Prevent Falls By Giving Your Home A Safety Check-up

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Posted: Jul 9, 2013 | by admin | 0 Comment

Falls are one of the leading causes of unintentional injury, causing almost 9 million emergency department visits annually. Falls can be dangerous to anyone at any age, and your home is the most likely place for a fall to occur. In fact, most broken bones occur from falls at home. Taking a look at the inside of your home and making a few small changes can have a big impact on safety and help you avoid injuries.

Stairs can be a prime place for falls to occur. Don’t leave objects on stairs, and talk to your kids about not leaving toys on stair steps. Use the handrails — if you don’t have them, install them! Don’t wear socks on wooden stairs. Don’t place rugs at the top or bottom of a staircase where they could trip someone or slide and cause a fall.

Choose furniture of a height that is easy for you to get in and out of — for example, don’t choose a chair that is so low that getting out of it makes you unsteady or a bed that is so high that you may fall out of it and hurt yourself. If you have furniture that is wobbly, repair or replace it. You should also repair any loose or wobbly floorboards, railings, or stairs.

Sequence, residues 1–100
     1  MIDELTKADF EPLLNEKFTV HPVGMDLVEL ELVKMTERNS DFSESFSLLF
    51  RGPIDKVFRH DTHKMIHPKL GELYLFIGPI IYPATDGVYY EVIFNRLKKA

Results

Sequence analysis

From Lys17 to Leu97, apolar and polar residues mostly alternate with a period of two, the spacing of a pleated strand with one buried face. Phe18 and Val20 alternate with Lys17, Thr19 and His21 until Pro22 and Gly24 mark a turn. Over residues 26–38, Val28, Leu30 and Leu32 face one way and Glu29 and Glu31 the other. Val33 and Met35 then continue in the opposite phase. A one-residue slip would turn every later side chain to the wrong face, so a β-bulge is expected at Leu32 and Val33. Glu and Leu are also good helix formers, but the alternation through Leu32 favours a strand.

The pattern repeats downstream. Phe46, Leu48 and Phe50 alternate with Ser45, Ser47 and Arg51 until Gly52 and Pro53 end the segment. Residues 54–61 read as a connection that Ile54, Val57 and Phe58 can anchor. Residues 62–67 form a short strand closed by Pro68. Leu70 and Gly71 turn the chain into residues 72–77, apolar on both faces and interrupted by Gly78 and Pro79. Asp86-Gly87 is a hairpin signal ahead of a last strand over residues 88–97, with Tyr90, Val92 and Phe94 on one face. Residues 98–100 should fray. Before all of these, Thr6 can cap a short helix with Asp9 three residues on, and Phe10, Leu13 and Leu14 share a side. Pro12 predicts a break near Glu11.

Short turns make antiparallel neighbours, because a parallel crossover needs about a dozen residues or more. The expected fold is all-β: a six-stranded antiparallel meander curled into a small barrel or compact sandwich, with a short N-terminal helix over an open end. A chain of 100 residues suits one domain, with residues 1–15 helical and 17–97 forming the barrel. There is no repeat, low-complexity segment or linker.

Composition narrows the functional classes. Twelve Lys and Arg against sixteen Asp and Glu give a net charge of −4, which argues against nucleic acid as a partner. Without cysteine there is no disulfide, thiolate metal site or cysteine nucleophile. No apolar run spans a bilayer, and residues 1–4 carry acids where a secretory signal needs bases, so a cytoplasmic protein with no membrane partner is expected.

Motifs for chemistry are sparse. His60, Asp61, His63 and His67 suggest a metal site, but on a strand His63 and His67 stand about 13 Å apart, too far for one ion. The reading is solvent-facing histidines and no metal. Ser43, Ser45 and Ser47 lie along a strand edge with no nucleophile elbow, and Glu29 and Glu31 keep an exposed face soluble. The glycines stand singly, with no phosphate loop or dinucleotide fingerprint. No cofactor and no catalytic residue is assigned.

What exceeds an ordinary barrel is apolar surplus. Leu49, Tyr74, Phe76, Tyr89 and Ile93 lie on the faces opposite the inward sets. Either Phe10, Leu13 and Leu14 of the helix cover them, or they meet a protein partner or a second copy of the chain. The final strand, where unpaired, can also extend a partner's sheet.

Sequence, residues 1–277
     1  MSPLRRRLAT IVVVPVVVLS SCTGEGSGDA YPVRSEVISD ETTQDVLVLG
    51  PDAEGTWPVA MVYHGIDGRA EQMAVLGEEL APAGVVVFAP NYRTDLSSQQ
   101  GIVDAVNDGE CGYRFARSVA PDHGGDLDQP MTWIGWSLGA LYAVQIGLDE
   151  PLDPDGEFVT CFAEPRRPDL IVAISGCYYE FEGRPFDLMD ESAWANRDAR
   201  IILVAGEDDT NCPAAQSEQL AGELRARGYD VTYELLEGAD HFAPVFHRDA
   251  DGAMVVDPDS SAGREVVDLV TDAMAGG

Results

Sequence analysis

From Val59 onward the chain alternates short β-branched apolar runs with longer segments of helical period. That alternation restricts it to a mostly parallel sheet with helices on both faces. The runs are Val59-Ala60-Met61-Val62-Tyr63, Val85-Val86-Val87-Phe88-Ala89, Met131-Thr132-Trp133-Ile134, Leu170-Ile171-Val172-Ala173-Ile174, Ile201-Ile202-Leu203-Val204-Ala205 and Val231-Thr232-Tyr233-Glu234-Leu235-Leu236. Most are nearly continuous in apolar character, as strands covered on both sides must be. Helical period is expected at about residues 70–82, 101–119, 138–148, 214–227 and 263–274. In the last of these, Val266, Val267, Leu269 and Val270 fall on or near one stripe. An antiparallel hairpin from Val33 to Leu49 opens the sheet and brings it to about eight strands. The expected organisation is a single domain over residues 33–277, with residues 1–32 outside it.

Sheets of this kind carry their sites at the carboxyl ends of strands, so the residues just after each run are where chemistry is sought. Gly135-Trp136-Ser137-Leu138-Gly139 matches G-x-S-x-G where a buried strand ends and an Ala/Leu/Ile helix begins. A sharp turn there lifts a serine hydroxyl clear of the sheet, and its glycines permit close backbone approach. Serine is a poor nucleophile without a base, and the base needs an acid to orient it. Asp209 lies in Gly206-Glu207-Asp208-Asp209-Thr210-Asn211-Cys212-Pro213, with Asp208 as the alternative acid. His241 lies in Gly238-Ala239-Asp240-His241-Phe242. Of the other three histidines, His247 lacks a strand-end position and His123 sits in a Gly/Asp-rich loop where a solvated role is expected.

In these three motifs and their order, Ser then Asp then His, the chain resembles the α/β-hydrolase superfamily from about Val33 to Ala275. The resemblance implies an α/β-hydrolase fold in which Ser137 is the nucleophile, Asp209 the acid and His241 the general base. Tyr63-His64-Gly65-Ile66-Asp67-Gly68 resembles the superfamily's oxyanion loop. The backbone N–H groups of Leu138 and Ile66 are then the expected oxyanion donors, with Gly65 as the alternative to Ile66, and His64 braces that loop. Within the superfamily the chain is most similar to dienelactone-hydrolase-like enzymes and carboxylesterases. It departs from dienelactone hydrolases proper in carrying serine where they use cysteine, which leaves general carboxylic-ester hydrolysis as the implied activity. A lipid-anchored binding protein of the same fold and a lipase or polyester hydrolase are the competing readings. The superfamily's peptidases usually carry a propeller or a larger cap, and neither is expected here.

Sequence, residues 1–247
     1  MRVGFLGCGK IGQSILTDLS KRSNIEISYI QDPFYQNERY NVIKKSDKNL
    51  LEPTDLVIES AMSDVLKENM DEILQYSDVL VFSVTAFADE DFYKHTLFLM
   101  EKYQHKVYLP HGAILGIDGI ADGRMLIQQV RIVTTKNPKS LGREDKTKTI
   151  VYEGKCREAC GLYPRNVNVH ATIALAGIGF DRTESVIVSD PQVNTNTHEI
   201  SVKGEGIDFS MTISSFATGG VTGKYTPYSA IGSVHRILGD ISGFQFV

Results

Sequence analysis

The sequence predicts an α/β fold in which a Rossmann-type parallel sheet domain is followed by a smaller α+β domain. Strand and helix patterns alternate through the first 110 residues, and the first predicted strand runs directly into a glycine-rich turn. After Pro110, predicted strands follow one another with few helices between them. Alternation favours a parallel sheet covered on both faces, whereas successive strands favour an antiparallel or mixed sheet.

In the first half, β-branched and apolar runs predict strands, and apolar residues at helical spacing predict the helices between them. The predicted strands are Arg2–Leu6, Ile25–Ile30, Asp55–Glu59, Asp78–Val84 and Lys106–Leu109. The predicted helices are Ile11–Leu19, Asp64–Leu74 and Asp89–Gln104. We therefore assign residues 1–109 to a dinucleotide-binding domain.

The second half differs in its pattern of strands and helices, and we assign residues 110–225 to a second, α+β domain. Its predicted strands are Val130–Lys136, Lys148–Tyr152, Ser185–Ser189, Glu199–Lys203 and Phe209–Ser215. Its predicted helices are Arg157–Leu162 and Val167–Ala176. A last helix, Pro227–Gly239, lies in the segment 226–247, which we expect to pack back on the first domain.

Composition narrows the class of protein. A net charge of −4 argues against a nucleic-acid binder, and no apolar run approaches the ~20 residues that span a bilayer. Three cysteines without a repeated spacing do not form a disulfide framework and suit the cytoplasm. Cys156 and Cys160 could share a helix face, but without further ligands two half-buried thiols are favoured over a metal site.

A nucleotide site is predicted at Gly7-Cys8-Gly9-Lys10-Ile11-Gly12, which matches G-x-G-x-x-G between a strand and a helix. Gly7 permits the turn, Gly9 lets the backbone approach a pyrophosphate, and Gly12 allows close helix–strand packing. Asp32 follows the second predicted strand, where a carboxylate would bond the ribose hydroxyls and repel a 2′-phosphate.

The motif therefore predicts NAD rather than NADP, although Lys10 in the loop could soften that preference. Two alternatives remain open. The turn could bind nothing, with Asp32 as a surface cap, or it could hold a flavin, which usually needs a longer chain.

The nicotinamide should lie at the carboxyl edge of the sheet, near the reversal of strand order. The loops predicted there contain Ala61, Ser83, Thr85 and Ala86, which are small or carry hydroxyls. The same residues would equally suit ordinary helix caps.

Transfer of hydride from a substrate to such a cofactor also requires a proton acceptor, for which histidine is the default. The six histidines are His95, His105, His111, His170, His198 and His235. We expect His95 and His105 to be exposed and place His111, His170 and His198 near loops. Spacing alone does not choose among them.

Invest in a sturdy household step stool with an attached handrail. This will help you reach high cabinets or closet shelves without being tempted to stand on an unsteady chair or stool. Immediately clean up any spills that happen in your home and keep clear pathways in each room. Keep electrical cords out of high traffic areas, but don’t be tempted to stash them under rugs — this can be a fire hazard.

Falls can be especially devastating for older members of your family. Each year, 1 in 3 adults over age 65 falls, which can cause serious injuries like hip fractures, back injury, or head trauma. Seniors may want to consider installing grab bars or railings in showers and bathtubs and near toilets; placing non-skid materials in shower floors, underneath rugs, and on wooden stairs; and installing nightlights throughout the house.

Some of these tips may sound like common sense, but taking a few minutes to double-check your home or the home of an older family member can make all the difference in injury prevention.

 

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